What is an Academic Advisor?

Your academic advisor is the person whom you will consult regarding course selection and the overall planning of your degree. Listed below are some examples of general reasons for which you might consult with an advisor. You are encouraged to meet with your academic advisor as frequently as needed and for whatever reason you see fit. Advisors come to Ohio State with at least a master's degree and diverse experiences (some, for example, were previous social workers, teachers in the K-12 system, university faculty, residence hall directors, program coordinators in non-profit organizations, and private industry). You may have multiple advisors assigned to you - read details about the role each advisor will have in your success.

Making the most of your advising relationship

Academic advisors are here to help you make the best choices. They, cannot, however, do that alone. The level of your participation is directly related to the type of relationship you have with your advisor. For a successful relationship,both advisors and students need to fullfill their responsibilities.

You should:

  • Read details about your responsibilties as a student.
  • Prepare a list of questions before your advising meeting. Need help with this?
  • Observe academic deadlines.
  • Schedule regular advising appointments in order to monitor your academic progress. You should check-in at least once a year via appointment; more often via e-mail.
  • Accept a decision you made. An advisor will present options — along with pros and cons. The decision is ultimately yours.
  • Inform you advisor, immediately, whenever you have a serious problem (e.g., medical, personal, financial) that disrupts your ability to attend classes and/or succeed.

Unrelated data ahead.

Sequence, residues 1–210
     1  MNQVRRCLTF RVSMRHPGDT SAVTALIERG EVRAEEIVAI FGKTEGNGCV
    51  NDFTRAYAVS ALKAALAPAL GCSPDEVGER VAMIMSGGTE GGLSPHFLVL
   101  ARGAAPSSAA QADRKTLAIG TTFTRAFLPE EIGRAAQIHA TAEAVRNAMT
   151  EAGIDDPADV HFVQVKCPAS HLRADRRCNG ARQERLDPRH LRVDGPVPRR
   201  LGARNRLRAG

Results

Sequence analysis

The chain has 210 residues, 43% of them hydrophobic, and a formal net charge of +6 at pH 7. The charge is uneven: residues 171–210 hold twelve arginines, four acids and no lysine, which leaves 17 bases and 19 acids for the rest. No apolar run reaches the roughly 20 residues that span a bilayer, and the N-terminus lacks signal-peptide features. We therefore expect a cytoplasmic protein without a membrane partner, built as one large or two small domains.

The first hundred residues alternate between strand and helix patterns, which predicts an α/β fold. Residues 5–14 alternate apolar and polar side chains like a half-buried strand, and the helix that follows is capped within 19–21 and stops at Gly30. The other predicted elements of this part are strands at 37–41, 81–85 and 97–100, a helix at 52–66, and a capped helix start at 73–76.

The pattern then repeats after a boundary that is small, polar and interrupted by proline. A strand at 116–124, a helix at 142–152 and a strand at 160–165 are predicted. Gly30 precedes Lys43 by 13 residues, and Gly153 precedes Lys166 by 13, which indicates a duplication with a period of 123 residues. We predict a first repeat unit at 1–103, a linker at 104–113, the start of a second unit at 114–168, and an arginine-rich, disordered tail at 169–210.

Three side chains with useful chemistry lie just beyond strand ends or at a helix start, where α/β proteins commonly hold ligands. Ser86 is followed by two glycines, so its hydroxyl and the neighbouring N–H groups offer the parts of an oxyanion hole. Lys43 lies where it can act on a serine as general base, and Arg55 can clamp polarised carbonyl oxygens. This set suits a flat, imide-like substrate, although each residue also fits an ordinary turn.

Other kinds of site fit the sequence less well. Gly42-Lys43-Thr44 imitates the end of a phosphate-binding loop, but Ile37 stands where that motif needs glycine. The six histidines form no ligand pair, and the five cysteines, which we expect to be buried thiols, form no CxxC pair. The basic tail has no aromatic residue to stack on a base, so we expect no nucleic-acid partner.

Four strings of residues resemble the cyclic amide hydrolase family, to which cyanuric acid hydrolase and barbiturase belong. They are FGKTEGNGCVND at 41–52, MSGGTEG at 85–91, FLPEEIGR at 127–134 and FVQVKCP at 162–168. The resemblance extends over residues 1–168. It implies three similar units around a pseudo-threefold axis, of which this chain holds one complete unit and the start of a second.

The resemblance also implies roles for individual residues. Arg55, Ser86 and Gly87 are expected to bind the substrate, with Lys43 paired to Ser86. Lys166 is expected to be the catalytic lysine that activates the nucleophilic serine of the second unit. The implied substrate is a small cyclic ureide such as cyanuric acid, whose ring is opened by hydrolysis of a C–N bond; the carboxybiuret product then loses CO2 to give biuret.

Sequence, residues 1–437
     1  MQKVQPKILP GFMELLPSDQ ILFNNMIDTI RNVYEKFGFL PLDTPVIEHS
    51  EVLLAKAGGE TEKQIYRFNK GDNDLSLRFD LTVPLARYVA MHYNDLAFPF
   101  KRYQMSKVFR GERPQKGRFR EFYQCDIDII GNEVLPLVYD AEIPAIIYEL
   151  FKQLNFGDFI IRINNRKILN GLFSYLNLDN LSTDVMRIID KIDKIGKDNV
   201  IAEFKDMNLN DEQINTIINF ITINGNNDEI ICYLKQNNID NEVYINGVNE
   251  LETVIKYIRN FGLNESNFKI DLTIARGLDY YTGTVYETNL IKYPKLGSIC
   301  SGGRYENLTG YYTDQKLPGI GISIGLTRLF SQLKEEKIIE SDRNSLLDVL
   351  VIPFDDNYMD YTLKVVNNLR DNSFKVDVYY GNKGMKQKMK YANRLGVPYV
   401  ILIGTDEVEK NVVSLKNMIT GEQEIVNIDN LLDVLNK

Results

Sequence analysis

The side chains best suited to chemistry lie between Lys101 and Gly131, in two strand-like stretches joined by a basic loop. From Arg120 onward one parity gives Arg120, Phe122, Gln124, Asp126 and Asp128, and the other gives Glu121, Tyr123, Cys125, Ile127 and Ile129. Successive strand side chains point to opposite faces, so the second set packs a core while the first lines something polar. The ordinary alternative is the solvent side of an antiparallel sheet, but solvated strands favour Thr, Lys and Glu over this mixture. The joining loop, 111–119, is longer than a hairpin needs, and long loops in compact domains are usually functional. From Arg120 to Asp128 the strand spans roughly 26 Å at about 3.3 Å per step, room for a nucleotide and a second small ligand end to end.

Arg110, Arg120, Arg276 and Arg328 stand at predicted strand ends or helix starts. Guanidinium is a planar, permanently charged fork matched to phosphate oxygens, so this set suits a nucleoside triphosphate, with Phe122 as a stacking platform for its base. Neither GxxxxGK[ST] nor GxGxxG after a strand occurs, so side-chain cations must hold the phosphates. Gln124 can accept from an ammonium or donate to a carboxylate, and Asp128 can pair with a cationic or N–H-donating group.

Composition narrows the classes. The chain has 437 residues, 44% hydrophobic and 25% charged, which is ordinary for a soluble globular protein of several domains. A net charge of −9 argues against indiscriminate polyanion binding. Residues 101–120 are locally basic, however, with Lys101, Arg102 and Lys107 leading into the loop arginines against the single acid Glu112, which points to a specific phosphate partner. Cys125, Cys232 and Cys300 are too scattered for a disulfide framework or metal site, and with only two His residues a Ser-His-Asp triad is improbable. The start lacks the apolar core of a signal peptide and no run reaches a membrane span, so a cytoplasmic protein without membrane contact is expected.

• Know how to use the online system to schedule your classes. An advisor will assist when you are having problems. Check out the online assistance guide.
  • Create a folder just for your advising materials. Advisors will often write notes on your degree audit or other documents — it is important to keep these notes.
  • Ask to be added to an advising listserv if your college maintains one to receive important updates.
  • Always ask questions and repeat the answer to make sure you understand. Take notes when appropriate.
  • Log into AdvisingConnect and check your advising notes often as a reminder of important referrals, recommendations, and to-do items.
  • Get to know your advisor.
  • Ignore your mobile device during appointments unless you are seeking information pertinent to your conversation.
  • Talk with your advisor about your concerns if you do not see eye-to-eye. If you both agree that your relationship will not work, you might want to contact your college advising office and request a new advisor (if that is an option).

Your advisor will:

  • Be non-judgmental.
  • Listen to you and make appropriate referrals.
  • Respond to you in a timely fashion on your inquiries (typically 1-2 business days, M-F, 8am-5pm).
  • Teach your University Survey course which introduces you to academic life at the university and reviews your curriculum requirements.
  • Explain university policies and procedures.
  • Take notes after your advising appointment for later reference and enhanced service to you. You can review these when you log into AdvisingConnect.
  • Advise you on course selection and assist you with developing an academic plan that supports timely graduation.
  • Talk with you about your plans after graduation.
  • Discuss your academic performance, possible reasons for your academic performance, and a possible plan of action.
  • Help you explore your interests, abilities, and goals.
  • Your advisor may send you periodic updates on events/workshops happening in their college; others may have items posted on their web site.
  • Notify you if they leave their job and/or need to re-assign you to another advisor.
  • Get to know the real you!